Photos by Michael Gonzales/NBAE via Getty Images The Spurs are expected to have a lot of salary cap space this summer, making the offseason a bit more exciting than in seasons’ past. The NBA draft lottery is done, and the Spurs have the 9th, 20th, 25th, and 38th picks. Who knows whether they make all those picks, but it’s still worth taking a look at where the Spurs stand in terms of salary cap heading into the free agency period. When reading through the numbers below, keep in mind that the NBA has projected the salary cap for the 2022-2023 season to be $122 million with the luxury tax line set at $149 million. The Spurs have eight players with fully guaranteed contracts for the 2022-2023 season, with their combined salary totaling just over $70 million. It should be noted that both Keldon Johnson and Romeo Langford are extension eligible this offseason. While those potential extensions will not have any direct impact on the Spurs’ salary in the upcoming season, it could impact how much long-term salary the Spurs are willing to offer to other players in free agency. Zach Collins is the only player with a partially guaranteed contract. With the combination of the flashes he showed coming off a major injury, the potential to have a full offseason to get into better game shape, and the fact that half of his salary is guaranteed for next season, Collins seems like a safe bet to have his salary fully guaranteed. Tre Jones did an admirable job in the backup point guard role once given the opportunity. It’s fair to critique his floor spacing on offense, but his gritty defense, ability to get to the rim, and incredible assist-to-turnover ratio make him the most likely to have his salary guaranteed for next season. The decisions on Keita Bates-Diop and Jock Landale could go either way. While they both had their moments last season, neither of them are anything beyond depth pieces at this point in their respective careers. That might be enough to retain them for one more season, but it will depend heavily on how the draft goes and who the Spurs are able to sign in free agency. Keeping Collins and Jones, as I’m predicting, would bring the Spurs’ salary up to roughly $79 million with ten players under contract. Keeping all four of these players would bring the Spurs’ salary up to $82.5 million with 12 players under contract. Additional cap figures Beyond the player salaries already discussed, there are other factors that will affect the Spurs’ salary for the upcoming season. Most of these cap holds will be inconsequential in terms of the Spurs’ plans this summer. Joe Wieskamp is a candidate for a two-way contract. Two-way contracts do not count against the Spurs’ salary in terms of salary cap calculations. The Spurs may simply renounce their rights to Devontae Cacok, D.J. Stewart Jr., and Robert Woodard II, thus removing their cap holds from the Spurs’ overall salary. The only major decision from this group of players is Lonnie Walker IV. His cap hold of over $13 million should be higher than his expected salary for next season, so he will likely be one of the first decisions made by the Spurs’ front office. They will either renounce their rights to him, making him an unrestricted free agent or they will re-sign him so that his new contract is used in salary cap calculations. The Spurs could also wait to see what kind of offer sheet another team gives him, though if that gets drawn out too long it could potentially impact the Spurs’ ability to sign additional free agents. If the Spurs end up drafting somebody like Bennedict Mathurin or AJ Griffin with the 9th pick, it’s pretty much a foregone conclusion that they are moving on from Walker. My prediction is that the Spurs will let him walk in free agency. The Spurs still have a glut of guards on the roster and have the ability to add more during the draft and free agency. As previously mentioned, the Spurs currently own the 9th, 20th, and 25th picks in the 2022 NBA draft. They also own the 38th pick, but second round picks do not have cap holds. I do not expect the Spurs to make three first round picks in this draft, but if they do, the Spurs will need to add just over $10 million to their overall salary. Depending on what the Spurs do with their partially or non-guaranteed contracts, that could put the Spurs overall salary somewhere between $90-93 million with 13-15 players under contract. Incomplete roster charges If the number of players under contract plus the number of cap holds the Spurs currently have is under 12, then for each spot under 12 they are required to add a rookie minimum salary to their overall salary as an “incomplete roster charge.” This amount is projected to be $1,004,149 next season. Once the Spurs’ roster goes at or above 12, these roster charges are removed from their overall salary. Given the Spurs’ relatively full roster, I don’t expect this to come into play this summer. Final thoughts My expectation is that the Spurs will have the eight players on guaranteed contracts, Zach Collins, Tre Jones, and two first round draft picks on the roster heading into free agency. This would leave the Spurs with 12 players under contract and close to $87 million in salary, depending on whether or not the Spurs end up standing pat, moving up, or moving down in the draft. This number also assumes that the Spurs renounce the rights to their non-taxpayer mid-level and bi-annual exceptions. With the salary cap projected to be $122 million, that would leave the Spurs with around $35 million in cap space. They would also have access to the room exception if they use up all their available cap space, which will be worth around $5.3 million and can be used to go over the salary cap to sign players. The Spurs may certainly look to trade Josh Richardson, Doug McDermott, or even Jakob Poeltl in an attempt to move up in the draft or to acquire future draft assets, but those types of moves are extremely hard to predict and are outside the scope of this article. With the Spurs being one of the few teams with the ability to generate a lot of cap space this summer, I expect them to go after a couple of the big-named free agents. If they strike out on them, don’t be surprised to see the Spurs shift towards signing players to one-year contracts or agreeing to take on other teams’ bad contracts for future draft assets.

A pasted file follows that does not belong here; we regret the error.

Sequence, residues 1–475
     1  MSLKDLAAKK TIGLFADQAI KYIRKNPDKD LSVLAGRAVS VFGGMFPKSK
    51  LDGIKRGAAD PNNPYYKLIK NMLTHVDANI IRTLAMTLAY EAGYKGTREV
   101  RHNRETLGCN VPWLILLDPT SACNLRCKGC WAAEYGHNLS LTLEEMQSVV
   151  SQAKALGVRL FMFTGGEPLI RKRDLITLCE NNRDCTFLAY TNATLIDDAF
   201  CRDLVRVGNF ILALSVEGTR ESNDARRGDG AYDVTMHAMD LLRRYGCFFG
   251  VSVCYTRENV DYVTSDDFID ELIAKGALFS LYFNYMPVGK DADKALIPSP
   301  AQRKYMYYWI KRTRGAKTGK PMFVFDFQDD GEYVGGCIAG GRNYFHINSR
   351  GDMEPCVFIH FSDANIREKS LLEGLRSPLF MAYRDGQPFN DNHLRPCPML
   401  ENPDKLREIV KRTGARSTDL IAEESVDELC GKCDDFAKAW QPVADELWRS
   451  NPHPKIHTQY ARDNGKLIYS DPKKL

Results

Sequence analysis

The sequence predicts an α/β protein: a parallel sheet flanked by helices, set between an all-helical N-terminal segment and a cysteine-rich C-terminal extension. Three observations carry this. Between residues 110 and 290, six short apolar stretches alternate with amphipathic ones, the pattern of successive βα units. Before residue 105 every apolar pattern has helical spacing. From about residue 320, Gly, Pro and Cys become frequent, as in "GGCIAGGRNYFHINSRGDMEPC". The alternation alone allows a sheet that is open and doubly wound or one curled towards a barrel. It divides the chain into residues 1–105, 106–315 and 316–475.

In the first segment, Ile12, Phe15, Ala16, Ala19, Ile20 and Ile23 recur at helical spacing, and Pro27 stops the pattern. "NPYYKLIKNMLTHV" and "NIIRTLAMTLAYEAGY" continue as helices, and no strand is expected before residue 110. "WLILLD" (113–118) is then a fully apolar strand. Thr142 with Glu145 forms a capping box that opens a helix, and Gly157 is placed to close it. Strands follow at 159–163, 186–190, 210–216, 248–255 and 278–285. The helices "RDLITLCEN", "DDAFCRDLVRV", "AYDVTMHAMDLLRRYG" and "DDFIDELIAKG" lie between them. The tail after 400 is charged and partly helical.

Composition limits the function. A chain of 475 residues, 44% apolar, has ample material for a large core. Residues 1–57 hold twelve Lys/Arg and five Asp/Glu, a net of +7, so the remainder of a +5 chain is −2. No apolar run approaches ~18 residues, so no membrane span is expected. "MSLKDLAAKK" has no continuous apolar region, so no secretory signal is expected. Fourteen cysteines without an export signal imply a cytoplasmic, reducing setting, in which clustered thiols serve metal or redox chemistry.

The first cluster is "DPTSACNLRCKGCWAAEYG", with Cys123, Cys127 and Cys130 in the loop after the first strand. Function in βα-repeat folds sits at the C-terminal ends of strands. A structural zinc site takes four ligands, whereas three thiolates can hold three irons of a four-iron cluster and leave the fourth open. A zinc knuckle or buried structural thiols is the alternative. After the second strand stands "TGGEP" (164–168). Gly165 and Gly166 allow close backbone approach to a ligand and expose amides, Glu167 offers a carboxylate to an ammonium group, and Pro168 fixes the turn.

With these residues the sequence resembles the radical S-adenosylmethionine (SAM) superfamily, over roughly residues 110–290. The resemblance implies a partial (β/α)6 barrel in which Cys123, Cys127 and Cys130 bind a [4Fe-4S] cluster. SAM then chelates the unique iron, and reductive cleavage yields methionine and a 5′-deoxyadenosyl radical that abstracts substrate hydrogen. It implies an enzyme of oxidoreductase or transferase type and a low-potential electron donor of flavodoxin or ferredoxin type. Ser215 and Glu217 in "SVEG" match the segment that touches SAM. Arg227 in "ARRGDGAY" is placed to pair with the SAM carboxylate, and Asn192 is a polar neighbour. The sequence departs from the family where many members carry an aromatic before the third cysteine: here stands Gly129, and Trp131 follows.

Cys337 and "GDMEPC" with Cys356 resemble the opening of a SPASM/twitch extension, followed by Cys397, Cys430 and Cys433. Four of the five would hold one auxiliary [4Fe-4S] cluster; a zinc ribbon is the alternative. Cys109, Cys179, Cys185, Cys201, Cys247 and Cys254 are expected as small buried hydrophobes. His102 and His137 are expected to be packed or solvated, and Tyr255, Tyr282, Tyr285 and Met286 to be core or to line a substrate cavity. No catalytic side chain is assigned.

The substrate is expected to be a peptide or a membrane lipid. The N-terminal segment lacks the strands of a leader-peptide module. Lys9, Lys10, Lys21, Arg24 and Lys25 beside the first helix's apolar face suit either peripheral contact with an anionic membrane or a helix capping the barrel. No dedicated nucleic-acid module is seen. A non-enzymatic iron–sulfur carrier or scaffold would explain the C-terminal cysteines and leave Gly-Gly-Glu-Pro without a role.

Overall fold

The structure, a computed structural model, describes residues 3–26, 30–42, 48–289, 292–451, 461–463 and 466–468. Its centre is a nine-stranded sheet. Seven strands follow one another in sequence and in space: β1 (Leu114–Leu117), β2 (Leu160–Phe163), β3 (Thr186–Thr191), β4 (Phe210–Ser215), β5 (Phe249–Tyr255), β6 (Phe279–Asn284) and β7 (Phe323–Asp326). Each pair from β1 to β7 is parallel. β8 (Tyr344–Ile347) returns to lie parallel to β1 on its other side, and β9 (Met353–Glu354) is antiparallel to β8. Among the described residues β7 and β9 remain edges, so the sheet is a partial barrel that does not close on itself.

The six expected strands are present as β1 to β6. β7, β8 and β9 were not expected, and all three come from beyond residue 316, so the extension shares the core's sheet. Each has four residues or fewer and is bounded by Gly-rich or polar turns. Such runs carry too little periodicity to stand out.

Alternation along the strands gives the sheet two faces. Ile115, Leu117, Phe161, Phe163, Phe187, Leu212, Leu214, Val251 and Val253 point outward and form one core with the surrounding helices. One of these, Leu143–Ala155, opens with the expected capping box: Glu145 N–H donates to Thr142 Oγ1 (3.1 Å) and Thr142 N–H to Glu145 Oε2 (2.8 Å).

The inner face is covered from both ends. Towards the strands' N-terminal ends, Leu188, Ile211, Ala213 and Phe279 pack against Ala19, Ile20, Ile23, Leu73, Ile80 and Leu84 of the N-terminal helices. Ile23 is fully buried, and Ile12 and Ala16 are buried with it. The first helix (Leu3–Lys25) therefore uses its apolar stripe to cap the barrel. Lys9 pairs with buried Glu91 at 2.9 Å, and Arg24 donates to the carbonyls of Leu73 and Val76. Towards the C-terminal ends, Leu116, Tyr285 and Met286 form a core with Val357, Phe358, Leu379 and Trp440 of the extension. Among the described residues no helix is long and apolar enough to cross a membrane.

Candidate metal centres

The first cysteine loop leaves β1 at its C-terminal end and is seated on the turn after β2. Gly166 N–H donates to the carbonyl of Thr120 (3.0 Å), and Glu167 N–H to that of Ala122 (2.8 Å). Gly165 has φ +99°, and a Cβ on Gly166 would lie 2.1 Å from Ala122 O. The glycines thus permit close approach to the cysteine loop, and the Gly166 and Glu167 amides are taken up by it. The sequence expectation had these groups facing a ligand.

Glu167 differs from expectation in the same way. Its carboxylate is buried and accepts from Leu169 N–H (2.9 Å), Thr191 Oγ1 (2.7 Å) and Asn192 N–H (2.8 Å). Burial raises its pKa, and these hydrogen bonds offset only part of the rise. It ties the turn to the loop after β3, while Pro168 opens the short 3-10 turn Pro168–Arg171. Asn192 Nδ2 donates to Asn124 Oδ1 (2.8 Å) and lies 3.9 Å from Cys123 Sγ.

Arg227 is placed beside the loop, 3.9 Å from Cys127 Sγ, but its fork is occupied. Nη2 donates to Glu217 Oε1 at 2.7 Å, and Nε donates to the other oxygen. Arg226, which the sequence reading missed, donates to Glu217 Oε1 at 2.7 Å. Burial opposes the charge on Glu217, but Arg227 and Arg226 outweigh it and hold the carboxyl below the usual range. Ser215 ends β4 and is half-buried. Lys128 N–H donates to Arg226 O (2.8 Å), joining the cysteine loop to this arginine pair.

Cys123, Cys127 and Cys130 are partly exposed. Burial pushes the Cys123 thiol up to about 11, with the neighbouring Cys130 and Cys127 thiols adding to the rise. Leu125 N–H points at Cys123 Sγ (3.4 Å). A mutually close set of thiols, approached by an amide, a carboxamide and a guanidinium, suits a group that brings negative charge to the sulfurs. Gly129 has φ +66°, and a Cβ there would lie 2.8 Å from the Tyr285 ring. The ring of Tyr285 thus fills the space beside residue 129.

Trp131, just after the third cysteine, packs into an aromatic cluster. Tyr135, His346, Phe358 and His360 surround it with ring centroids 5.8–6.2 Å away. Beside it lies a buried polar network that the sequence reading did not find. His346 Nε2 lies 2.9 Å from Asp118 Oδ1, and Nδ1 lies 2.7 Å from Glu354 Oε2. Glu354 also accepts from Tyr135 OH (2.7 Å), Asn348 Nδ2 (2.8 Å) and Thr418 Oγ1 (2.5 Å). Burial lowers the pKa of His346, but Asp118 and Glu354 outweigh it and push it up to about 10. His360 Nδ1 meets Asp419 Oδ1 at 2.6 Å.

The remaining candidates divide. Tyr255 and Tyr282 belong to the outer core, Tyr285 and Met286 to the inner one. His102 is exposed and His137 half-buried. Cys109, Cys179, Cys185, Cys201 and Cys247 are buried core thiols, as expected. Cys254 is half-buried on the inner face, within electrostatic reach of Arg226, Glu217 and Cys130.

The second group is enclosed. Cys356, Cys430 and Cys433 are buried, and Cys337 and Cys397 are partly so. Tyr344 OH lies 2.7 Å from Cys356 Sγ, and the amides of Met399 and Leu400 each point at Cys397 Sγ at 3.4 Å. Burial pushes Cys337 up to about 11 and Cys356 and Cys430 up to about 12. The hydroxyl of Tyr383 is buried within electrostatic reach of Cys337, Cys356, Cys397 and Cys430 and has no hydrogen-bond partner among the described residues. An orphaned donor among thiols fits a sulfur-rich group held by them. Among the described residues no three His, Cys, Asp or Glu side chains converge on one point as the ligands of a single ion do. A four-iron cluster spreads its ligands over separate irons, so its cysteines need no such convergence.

San Antonio Current has new update
2 days ago San Antonio ranked as the fastest growing city in the country, according to new data
San Antonio was ranked as the fastest-growing U.S. city in terms of numeric population growth between 2021 and 2022, according to new data from the U.S. Census Bureau. The Bureau's numbers show that 13,626 people relocated to the Alamo City during the darkest days of the COVID-19 pandemic. In comparison, only 1,056 people packed their belongings and moved to Austin during that same period.

Saturday Specials in San Antonio

Restaurant
306 Pearl Pkwy, San Antonio TX, 78215
Happy Hour is half off of their house cocktails and most beers
3-6 pm Monday through Saturday
Bar
4553 N TX-1604-LOOP W Suite 1101 San Antonio, Texas, San Antonio TX, 78249
Happy Hour Wednesday through Sunday evenings from 4 p.m. to 8 p.m.
$2 wells drinks and $3 frose, house margs and house shots.
Picks’ Reverse Happy Hour, from 10 p.m. to 2 a.m.
The Amp Room
Bar
2407 N. St. Mary's, San Antonio TX, 78212
Happy Hour 5-8pm nightly
$1 wells, $3 tall boys, $5 fireball buckets, and more
The Cherrity Bar
Bar
302 Montana St., San Antonio TX, 78203
Day Drinkers’ Happy Hour Saturday 12- 3 p.m.,
Half price apps from Kuriya
$6 palomas, margaritas, scorpions and pain killers.